Dunbar family visits, and Pompeii

We are now into September, and tomorrow it will be five months since we’ve been here. My sister left a couple weeks ago after a five week visit. After my visits to Christy in New Zealand and Mexico, we are now into our third “when in your life will you ever again have a chance to visit your sister in a foreign country” trip. My parents and grandmother arrived just before Christy left. This was my dad’s first trip to Europe and I loved showing him around my new home. My mom and grandmother have been travel buddies for years and have gone all over Europe, Asia, Africa, and South America. My grandmother has been to near 40 countries, and now at 90 years old made the trip out to Sicily. We’ve loved showing them around the island, and were able to take a trip to the Sorrento Peninsula and Pompeii.

This week we took another trip to the Villa Romana del Casale in central Sicily. It’s the location of the largest collection of Roman mosaics in the world – they were covered by a mudslide about 800 years ago and as a result are beautifully preserved. The villa is thousands of square feet large, and all of the floor is mosaic.

IMG_8762We also visited Caltagirone, the center of the ceramic industry in Sicily. My mom fulfilled her goal of buying Italian pottery, and I got a few pieces myself. Caltagirone is famous for their ceramic steps, which connect the upper and lower parts of town.

Caltagirone Ceramic Steps

Caltagirone Ceramic Steps

We’ve spent a lot of days swimming down near the harbors in Aci Trezza and Aci Castello. The coast here is rocky, which doesn’t make for good beach sitting, but the water is crystal clear. The super salty water makes it near impossible to do anything but float, and the rocks and fish provide good visual entertainment.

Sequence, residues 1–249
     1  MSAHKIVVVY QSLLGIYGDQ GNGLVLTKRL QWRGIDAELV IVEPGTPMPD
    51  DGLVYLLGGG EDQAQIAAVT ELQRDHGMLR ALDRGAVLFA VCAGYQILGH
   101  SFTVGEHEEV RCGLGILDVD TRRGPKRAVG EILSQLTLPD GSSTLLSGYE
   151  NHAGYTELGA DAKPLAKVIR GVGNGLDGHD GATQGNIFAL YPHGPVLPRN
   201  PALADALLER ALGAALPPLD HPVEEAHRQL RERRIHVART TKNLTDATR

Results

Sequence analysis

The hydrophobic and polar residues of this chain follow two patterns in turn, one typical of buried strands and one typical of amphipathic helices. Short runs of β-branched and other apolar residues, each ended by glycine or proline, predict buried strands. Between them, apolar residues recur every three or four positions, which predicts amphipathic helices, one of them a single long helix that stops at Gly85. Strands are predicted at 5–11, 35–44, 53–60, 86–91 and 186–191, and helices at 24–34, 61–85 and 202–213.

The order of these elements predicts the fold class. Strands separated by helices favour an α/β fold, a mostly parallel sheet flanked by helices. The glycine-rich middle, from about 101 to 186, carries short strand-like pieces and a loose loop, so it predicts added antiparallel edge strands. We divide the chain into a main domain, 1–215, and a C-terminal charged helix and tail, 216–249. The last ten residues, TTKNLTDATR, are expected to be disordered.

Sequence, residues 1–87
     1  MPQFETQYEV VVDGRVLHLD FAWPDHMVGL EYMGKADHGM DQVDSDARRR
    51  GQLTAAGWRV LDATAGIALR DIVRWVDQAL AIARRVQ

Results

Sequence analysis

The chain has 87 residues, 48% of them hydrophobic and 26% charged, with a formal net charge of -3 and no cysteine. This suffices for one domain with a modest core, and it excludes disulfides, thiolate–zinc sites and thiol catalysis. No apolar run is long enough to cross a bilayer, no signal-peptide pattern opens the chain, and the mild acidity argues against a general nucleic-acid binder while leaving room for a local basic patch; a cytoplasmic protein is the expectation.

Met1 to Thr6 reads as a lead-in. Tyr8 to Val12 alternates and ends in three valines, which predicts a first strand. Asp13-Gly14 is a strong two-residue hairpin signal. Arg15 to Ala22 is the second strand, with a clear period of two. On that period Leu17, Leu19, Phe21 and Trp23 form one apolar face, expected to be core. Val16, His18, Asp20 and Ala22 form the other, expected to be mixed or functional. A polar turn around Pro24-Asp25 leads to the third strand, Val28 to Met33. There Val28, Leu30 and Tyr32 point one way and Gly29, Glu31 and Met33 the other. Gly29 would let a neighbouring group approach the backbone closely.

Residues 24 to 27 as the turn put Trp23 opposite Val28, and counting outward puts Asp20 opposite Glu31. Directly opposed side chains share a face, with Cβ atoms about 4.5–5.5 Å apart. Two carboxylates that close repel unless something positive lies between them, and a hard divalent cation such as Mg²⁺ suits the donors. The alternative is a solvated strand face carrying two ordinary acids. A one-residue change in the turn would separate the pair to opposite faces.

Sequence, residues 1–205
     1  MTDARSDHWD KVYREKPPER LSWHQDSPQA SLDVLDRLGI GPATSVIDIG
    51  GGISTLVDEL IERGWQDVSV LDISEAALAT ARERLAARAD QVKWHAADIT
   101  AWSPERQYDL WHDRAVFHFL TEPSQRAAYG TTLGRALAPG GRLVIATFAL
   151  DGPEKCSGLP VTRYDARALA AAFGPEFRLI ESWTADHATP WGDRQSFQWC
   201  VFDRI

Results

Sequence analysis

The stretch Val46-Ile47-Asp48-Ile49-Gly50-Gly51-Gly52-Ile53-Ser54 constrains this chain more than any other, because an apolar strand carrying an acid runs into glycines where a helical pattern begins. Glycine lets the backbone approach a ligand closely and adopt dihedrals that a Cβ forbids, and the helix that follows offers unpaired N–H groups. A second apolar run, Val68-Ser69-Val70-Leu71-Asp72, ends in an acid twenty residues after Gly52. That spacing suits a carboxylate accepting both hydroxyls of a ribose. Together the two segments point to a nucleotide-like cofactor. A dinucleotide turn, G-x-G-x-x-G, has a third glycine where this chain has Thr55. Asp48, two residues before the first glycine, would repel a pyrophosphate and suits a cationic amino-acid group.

DCIM100GOPRODCIM121GOPRO DCIM100GOPRO IMG_8767We had a perfect trip up north to Pompeii. We stayed at Il Pettirosso Agriturismo in Agerola, perched up in the mountains above the Amalfi Coast. Agriturismos provide a room and meals in a farm/B&B type setting. The food is always fresh and the hosts are always friendly. The first morning there it rained buckets of water. We had a rather adventurous drive through the windy roads-turned-streams (thanks Sean for driving!) and ended up in some flooded roads at the bottom of the hill. We made it to Pompeii though, and had a relatively uncrowded day with only a minor rainstorm.

IMG_8779 IMG_8822 IMG_8792 IMG_8789Pompeii is very impressive. Despite being stripped of much of it’s marble and splendor by the people who originally discovered it (and the hundreds of years under piles of volcanic ash), the city is very well preserved. It’s amazing to see the buildings and layout of the ancient city, unchanged by modern times. On our drive back home we took the road along the beautiful Amalfi Coast.


About roxy jamieson

Discovering life in Sicily.
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2 Responses to Dunbar family visits, and Pompeii

  1. Sally Dunbar says:

    You have been a terrific tour guide, expertly weaving in and out of traffic like a natural born Sicilian – with only inches clearing each side. This has been such a special trip, made more so by your and Sean’s enthusiasm for adventure – both new and repeated. We’re off on another one today, to Toarmina, and it will be fun to relive it in your next blog post. Love you, my adventuresome daughter… Mom.

  2. LinnyAnne says:

    Um, so rad! I want to come visit in Feb! 31st birthday trip to Italy? Yes please 🙂 miss you guys tons

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